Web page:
Monday, July 18, 2011


I'm not a particularly tidy person, but I do find joy in putting items in the right order. This can be as simple a task as sorting out cutlery from the dishwasher, putting knives, forks, and spoons in the right place in a drawer. I don't waste a lot of time on computer games, but I do allow myself a daily hand of Free Cell, a form of solitaire, in which the object is to sort a deck of cards from a random formation into neat piles of 13 cards in each of the four suits.

When I was an Oxford undergraduate, each December I would work a daily eight-hour shift at the main Tunbridge Wells post office, sorting mail destined for the West of England. I found this deeply satisfying, especially when my detailed knowledge of the geography enabled me to complete an address, secure in the knowledge that the mail would reach its destination in ample time for Christmas. My "station" was set up for two sorters, but from the first year I persuaded my supervisor that I could handle the "West Road" alone.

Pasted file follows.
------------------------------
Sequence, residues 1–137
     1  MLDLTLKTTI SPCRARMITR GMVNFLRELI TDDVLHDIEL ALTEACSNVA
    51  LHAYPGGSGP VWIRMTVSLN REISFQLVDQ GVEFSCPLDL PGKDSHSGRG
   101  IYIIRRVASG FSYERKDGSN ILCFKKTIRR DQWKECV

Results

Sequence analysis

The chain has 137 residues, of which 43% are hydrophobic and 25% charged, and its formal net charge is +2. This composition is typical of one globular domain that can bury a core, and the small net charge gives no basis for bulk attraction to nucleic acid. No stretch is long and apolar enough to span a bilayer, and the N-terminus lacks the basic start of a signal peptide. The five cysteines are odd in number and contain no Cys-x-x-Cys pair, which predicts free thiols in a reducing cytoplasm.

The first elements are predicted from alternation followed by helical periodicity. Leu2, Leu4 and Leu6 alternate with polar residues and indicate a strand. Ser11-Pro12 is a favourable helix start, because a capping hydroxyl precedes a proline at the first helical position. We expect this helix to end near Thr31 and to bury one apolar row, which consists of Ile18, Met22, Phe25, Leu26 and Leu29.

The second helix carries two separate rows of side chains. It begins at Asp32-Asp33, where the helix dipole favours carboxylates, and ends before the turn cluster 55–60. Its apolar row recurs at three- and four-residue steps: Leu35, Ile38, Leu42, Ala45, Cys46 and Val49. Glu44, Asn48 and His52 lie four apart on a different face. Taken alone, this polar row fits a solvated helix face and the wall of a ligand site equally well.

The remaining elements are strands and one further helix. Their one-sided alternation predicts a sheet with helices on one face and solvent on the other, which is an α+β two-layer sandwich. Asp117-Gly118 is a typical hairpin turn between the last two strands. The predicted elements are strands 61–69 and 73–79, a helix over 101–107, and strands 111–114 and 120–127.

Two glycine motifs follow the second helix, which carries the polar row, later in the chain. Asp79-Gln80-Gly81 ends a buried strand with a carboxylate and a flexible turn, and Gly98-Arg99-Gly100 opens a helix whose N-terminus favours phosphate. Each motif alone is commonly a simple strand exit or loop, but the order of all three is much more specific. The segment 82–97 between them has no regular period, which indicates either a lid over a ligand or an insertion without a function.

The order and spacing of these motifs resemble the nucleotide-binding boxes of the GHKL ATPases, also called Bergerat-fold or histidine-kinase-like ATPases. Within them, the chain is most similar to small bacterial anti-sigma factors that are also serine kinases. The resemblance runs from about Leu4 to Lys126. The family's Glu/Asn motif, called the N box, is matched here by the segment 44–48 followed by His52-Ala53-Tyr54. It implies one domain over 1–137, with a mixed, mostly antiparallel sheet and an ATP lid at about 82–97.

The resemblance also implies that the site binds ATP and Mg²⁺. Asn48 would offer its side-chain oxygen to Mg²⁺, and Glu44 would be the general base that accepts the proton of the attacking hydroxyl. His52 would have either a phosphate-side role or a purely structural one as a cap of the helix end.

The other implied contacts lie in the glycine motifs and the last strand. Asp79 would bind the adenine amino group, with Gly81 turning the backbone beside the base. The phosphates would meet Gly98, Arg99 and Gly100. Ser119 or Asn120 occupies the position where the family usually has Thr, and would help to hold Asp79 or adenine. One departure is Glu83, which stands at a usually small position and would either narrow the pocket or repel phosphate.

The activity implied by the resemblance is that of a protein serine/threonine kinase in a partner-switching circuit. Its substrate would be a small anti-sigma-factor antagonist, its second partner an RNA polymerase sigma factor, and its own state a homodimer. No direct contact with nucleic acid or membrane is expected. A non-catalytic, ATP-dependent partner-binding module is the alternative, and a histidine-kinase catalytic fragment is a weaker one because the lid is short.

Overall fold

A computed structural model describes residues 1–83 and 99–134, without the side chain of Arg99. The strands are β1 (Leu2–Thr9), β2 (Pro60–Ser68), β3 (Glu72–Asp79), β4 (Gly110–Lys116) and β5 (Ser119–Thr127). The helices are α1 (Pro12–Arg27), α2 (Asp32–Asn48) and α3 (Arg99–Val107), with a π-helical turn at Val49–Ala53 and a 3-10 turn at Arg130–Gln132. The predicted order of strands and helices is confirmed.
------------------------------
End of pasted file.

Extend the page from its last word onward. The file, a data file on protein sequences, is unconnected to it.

The British have developed a specialized meaning for "sort": to straighten out or correct something. Example: "We'll soon have this sorted", said in an optimistic tone, when something significant has gone wrong. (Note that they don't add "out", although the meaning is similar to our use of "sorted out".) I find this comforting: it helps me minimize my tendency to become irascible and intolerant with bureaucratic mistakes.

We have been very satisfied for about thirty years with GEICO handling our car insurance, but in recent months we had some problems. It seemed simple: the Volvo we had kept in Colorado for a few years, having brought it from California, was once again in Berkeley, and we had bought a used Subaru for Colorado. This seemed to buffalo the polite clerks when we called GEICO--not usually from the same office, because in their system GEICO offers service from many locations, not from the same place. I became frustrated at unexpected incompetence, although I really try--and sometimes succeed--in being clear and calm.

Luckily, one of our two excellent part-time helpers (Nancy Laws) is superb in dealing with bureaucrats. She is calm, firm, demanding, and terrier-like in following through until she is satisfied.

When we have problems with merchants, banks, and authorities, our best answer is "Let Nancy sort it."

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